I was recently arguing with someone about the practice of Lent and the idea that giving up beer or chocolate was not so much a sacrifice as it was a diet. If you are unfamiliar with what happens during this time of year on the church calendar Lent is the season in which Christians observe, acknowledge and sometimes walk in a kind of suffering to remind themselves of the ultimate sacrifice that will be paid at the cross. Given that, how can we give up things that are already bad for us and try to pass them off as sacrificial and then in the same breath take that as a serious reminder of what we are supposed to be doing during this season? I wonder if forty days this kind of “suffering” is an acceptable act of solidarity? Does this kind of suffering mean anything at all if our commitment is no stronger than a New Year’s resolution? No wonder why people walk away from the faith when people speak of giving up things like coffee or gum while hating gays and practitioners of Islam without missing a beat. It’s almost laughable. I laughed too reminding myself that the cup that Christ asked to be removed from him was not likely filled with beer. If you want know what kind of reverence the American church holds towards it’s god and the kind suffering that it would rather avoid than learn from, see the first prayer above. Apparently this is really our god and not the God of the second that reminds us to take each day as it comes – one day at a time. I get Atheism. I do. The reason I do has very little to do with a lack of faith as much as it has to do at times with my disappointment in the execution of the ideologies I hold dear. When I look at how some enter into this season I am left with wonder as I see what is being practiced and with the logic in which it’s practiced and think that it cannot possibly be entirely right. That is to say that if being a Christian means giving up sweets for Lent or it means being greedy for money and more money or if it means hating my neighbor because he’s different, I ask where is the love that is preached and where are our hearts? Where are our true values? Is it in finding jobs and better jobs or is it found in the phrase “Thy will be done?” Sometimes I have to acknowledge that Christianity can be stupid. It is in the same way that I understand how a Derek Webb can want to distance himself from an industry in order to differentiate himself and stand on beliefs rather than dogmas. What matters more, my God or my money? As I travel through the next forty days and I think about the love that will soon lie bleeding on the floor I am reminded that what we share with one another lies in our flaws as much as it is in our execution of our actions. In the end, whether you believe in something or believe in nothing we are all walking contradictions in a search for meaning. It’s because of this reason alone that I have hope. Because if I must choose one prayer as the framework to remind me about my faith I choose the one with less words, more action and the one that begs for my need to take the kind of action that goes beyond my politics, my religion or some branded belief in a partisan and capitalistic religions that I cannot even find in the Bible at all. Maybe I’m still upset because I can no longer even recognize the original idea after it has been mangled by the ideas of men. If you ask me what matters more? Maybe we should all shut up and either love one another or walk away from this entirely before we reduce it all to a crazy pyramid scheme that I’m fairly certain it was never meant to be either.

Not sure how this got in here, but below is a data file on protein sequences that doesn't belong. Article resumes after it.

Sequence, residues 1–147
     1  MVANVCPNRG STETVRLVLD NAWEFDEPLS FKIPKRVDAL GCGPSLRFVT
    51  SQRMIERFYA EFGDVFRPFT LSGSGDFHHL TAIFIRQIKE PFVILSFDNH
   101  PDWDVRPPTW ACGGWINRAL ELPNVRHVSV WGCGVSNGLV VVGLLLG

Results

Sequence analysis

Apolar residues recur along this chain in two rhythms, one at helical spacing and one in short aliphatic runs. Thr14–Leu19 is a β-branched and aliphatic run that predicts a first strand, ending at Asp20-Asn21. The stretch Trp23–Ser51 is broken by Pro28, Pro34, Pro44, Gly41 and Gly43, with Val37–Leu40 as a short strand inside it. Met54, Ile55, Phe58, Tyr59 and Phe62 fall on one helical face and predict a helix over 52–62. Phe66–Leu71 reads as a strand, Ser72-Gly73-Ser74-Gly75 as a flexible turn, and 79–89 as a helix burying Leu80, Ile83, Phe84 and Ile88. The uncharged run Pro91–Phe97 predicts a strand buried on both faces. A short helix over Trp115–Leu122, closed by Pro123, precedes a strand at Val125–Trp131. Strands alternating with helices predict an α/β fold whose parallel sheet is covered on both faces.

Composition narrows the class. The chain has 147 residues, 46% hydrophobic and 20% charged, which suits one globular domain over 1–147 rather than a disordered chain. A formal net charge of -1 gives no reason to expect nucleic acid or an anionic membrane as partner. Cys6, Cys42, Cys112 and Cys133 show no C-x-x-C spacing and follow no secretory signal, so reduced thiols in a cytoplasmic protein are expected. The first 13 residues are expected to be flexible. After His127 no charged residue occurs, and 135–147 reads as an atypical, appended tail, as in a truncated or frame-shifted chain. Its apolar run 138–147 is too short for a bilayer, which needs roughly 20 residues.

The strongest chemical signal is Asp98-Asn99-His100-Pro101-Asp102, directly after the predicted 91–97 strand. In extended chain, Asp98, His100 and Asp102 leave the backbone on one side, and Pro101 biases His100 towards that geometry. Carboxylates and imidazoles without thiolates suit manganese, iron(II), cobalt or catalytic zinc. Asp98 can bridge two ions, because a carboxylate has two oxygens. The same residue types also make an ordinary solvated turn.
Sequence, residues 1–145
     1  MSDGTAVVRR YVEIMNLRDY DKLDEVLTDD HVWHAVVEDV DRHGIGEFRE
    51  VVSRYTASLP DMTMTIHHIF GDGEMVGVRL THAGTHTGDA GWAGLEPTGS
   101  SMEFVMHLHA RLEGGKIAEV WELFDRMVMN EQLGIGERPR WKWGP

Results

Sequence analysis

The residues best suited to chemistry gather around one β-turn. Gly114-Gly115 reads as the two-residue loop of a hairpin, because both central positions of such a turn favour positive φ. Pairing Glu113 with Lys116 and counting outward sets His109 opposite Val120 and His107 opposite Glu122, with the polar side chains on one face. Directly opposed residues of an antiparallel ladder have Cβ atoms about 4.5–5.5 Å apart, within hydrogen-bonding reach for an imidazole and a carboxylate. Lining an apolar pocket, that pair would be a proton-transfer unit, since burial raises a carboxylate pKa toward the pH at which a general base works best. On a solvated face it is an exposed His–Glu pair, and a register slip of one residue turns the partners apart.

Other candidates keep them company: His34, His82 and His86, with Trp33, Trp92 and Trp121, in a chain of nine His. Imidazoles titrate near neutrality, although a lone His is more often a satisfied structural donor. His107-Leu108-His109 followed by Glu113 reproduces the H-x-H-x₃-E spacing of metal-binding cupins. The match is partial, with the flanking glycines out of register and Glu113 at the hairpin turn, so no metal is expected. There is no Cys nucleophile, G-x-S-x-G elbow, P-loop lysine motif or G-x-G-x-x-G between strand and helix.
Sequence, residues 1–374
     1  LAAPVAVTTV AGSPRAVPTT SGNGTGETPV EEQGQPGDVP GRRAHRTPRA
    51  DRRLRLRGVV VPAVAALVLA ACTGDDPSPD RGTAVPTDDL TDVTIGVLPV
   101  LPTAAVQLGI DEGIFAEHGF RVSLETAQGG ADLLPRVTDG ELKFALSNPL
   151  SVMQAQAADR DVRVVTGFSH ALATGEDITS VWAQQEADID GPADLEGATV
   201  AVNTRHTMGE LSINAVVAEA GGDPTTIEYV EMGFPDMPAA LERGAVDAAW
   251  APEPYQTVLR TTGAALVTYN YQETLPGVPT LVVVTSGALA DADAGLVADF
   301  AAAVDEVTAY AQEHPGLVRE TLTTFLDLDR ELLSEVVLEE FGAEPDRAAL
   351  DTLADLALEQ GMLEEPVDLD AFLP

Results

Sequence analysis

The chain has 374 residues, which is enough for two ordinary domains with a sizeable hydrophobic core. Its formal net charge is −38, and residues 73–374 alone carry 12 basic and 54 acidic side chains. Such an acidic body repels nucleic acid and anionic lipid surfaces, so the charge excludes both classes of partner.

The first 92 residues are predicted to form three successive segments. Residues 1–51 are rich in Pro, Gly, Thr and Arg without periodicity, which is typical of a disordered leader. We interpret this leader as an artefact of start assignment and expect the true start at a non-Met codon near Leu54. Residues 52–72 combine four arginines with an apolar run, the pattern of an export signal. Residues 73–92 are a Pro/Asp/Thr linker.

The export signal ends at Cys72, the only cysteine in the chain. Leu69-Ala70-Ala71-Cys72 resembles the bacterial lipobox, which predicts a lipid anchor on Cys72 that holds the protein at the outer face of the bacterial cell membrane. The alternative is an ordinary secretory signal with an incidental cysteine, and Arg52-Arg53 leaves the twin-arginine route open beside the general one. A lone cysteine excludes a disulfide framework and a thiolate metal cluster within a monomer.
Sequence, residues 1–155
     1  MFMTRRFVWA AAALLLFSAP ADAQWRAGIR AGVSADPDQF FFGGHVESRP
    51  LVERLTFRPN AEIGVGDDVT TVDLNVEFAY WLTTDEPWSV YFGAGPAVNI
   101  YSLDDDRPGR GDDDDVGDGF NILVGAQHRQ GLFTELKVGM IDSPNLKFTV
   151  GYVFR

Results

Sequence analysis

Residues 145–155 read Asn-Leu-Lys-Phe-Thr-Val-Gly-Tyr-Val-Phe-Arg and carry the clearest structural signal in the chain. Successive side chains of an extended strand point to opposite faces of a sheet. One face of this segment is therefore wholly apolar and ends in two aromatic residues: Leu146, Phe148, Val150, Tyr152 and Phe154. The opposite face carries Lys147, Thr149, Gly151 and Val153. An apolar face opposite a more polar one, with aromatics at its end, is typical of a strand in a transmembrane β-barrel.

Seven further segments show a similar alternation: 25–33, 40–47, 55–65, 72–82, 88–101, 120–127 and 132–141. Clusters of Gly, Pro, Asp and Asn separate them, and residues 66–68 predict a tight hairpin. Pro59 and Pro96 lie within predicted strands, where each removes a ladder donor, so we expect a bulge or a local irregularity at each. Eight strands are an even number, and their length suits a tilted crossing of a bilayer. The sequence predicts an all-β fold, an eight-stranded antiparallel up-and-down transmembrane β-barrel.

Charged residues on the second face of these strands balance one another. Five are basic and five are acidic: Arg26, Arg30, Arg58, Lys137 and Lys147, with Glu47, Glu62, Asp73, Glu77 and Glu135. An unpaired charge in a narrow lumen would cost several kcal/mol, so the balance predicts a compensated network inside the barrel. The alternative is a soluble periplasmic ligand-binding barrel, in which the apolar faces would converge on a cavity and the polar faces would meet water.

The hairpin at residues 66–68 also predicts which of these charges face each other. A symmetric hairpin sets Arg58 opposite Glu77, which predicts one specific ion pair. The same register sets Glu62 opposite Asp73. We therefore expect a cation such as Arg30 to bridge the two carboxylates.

By Paul Stamat